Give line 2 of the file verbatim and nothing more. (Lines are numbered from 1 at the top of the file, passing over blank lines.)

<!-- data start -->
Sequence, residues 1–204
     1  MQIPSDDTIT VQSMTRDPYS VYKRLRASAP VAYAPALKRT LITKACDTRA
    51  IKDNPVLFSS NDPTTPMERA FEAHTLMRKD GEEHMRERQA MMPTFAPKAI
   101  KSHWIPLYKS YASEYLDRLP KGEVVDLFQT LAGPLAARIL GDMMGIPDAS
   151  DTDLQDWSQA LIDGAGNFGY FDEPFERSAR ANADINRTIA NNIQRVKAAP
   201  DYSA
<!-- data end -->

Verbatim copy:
     1  MQIPSDDTIT VQSMTRDPYS VYKRLRASAP VAYAPALKRT LITKACDTRA